Let me start by quoting an e-mail Dawn Pointer McCleskey sent to the SLA-DC listserv today (I have her permission). This is in reply to an e-mail from a younger member who mentioned how teachers and nurses have reclaimed their place and have formed very active and well-respected communities without giving up their identities. (I paraphrase – unfortunately, the listserv requires you to login to see the thread)
…the younger members of SLA are definitely here, though I wasn’t able to make it to the town hall meeting because I was at ASIS&T that week.
Your point about nurses and teachers are important, and it prompts me to offer a personal testimonial on the pros and cons of using the librar* words that have been put forth.
When, eight years ago, I realized I am hard-wired to be a librarian, friends of mine were distressed. "You’re going to be a LIBRARIAN?" one asked, with obvious disdain in her voice. Another friend consulted her mother, asking why her closest friends, cool, smart, and forward-looking young women, were all selling themselves so short in their career choices. I was choosing librarianship, another nursing, and the other teaching – pink collar jobs, all around.
The response of my friend’s mother was,
‘the real question needs to be, why are professions that have been traditionally chosen by women valued so little?’
I feel there’s a significant measure of second-wave/third-wave-feminism conflict at play in this name-change debate. In the 70’s and 80’s, second-wave feminists preached that in order to be considered the equals of men, women should put away un/under-valued feminine and womanly traits and choices. But now that we’ve lived with 30+ years of trying to be both men and women at the same time, we see more women saying "don’t tell me what I can’t do" to both men and older feminists – including making choices that are viewed as traditionally feminine, while asserting the inherent worth of those choices.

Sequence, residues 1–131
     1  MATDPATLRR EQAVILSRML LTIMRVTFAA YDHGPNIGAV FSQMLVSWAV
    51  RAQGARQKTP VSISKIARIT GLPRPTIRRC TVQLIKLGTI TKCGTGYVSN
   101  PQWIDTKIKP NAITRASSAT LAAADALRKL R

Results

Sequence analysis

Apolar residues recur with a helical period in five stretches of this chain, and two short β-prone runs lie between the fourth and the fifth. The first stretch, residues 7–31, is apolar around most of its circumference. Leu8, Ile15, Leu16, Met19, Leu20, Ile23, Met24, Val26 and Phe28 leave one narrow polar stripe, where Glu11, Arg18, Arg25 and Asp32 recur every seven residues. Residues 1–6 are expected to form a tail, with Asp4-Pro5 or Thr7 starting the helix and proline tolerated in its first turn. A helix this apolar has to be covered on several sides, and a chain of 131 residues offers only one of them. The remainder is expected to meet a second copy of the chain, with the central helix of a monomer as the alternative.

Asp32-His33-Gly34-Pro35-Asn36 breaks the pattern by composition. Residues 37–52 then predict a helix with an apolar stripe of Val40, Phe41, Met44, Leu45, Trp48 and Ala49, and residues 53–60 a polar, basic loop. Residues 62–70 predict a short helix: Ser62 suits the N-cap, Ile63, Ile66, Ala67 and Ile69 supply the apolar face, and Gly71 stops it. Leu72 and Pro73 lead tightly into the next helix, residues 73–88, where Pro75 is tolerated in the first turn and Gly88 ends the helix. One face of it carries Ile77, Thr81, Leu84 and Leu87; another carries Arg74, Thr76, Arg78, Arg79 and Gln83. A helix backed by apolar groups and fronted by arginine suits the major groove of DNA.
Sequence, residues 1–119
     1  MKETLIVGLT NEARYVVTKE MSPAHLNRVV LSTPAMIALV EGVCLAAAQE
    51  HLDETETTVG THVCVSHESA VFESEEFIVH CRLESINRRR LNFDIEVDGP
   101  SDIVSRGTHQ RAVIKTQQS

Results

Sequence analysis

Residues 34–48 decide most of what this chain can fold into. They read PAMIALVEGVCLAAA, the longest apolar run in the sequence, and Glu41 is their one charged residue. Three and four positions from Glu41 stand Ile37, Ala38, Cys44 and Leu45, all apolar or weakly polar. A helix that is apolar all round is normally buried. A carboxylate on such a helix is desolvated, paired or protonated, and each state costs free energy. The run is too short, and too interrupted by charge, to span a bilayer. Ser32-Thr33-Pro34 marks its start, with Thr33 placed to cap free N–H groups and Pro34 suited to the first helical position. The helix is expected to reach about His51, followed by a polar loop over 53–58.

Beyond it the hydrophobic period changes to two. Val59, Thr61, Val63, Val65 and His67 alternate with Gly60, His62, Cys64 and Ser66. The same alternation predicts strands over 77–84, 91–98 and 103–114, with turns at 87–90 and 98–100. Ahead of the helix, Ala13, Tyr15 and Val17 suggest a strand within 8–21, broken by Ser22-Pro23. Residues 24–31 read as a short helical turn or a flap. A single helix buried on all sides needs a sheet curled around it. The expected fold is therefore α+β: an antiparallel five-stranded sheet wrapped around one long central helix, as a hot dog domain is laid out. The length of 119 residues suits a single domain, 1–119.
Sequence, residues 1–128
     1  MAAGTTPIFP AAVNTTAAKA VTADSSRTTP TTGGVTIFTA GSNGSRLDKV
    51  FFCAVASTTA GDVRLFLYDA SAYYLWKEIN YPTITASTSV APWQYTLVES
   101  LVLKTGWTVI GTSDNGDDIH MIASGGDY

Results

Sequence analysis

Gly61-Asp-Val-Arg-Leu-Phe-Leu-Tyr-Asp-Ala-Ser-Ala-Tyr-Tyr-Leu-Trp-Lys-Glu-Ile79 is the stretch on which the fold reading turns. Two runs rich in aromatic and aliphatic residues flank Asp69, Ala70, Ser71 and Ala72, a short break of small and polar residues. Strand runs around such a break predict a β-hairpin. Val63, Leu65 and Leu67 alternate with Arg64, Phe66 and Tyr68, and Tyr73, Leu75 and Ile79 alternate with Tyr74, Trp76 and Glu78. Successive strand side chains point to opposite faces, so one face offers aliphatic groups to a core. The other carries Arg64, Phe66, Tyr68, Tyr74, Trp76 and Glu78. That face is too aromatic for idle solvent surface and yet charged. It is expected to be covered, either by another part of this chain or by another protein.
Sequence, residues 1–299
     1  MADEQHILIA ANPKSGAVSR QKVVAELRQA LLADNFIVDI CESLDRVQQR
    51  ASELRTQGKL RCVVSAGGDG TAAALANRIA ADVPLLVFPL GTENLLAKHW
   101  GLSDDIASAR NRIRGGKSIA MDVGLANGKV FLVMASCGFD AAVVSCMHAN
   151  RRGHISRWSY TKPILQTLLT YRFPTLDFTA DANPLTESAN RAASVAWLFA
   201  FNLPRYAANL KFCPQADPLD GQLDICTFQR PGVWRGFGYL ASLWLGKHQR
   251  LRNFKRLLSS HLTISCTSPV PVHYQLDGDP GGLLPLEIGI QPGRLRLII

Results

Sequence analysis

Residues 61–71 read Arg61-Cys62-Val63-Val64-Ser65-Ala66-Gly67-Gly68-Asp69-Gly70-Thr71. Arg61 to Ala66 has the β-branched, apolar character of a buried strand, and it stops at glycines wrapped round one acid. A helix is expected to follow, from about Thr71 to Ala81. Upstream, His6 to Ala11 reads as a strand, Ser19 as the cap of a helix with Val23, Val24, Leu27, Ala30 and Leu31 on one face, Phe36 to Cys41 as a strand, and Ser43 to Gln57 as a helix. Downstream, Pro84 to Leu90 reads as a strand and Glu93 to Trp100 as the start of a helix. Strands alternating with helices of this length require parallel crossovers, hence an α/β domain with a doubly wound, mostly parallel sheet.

I see the librar* term debate through this lens. There were several arguments from leadership, made to the Solos list and elsewhere, that essentially stated we must think narrowly of ourselves to be unexcited about ditching our heritage. I have every right to choose librarianship as a career worthy of my energy, time, and brain power – it’s the right one for me, it’s how I think, and I don’t even really work with a physical collection (though I have one). But here I’ve got second-wave era association leaders telling me that c-suite (i.e., their same age group) people think we still need to hide or deny the under-valued option, "the L word", and that they agree; that it’s no use trying to redefine and revalue the field in decision-makers’ eyes.
What’s an early-career feminist librarian to do? As [..] pointed out, we’ve seen significant success in the other pink collar fields of teaching and nursing. I’m also thinking about the 100th monkey – we won’t have to do the major campaigning forever, because eventually it will be the common perception. There’s no easy answer, but in the meantime, I can’t wait to see how the vote turns out.
Responses to this trotted out anecdotes about how librarians who were managers of big divisions were paid less if their titles included libr* than their marketing and IT counterparts. How women are paid less than men. Um. Yeah. The gender gap… heard of it? Men make more than women in the same jobs. IT people make more than librarians in similar roles, even if the librarians (male or female) have multiple graduate degrees. (hey all I have to do is look around the house to find evidence for this rule).
However, will changing the name of our professional association send the message that we want equal pay for equal work? Will it tell “the man” that we are valuable and that we make great contributions to the organization? Yes, it does help that the association markets on our behalf and sponsors studies and surveys. It’s even more helpful when the association helps us learn how to add more value and to communicate that value.
I don’t agree that changing the name of our profession or of our society addresses any of these issues. I’m proud to be a librarian, one of thousands of amazing men and women who connect people of all ages to information. I want to associate with other librarians.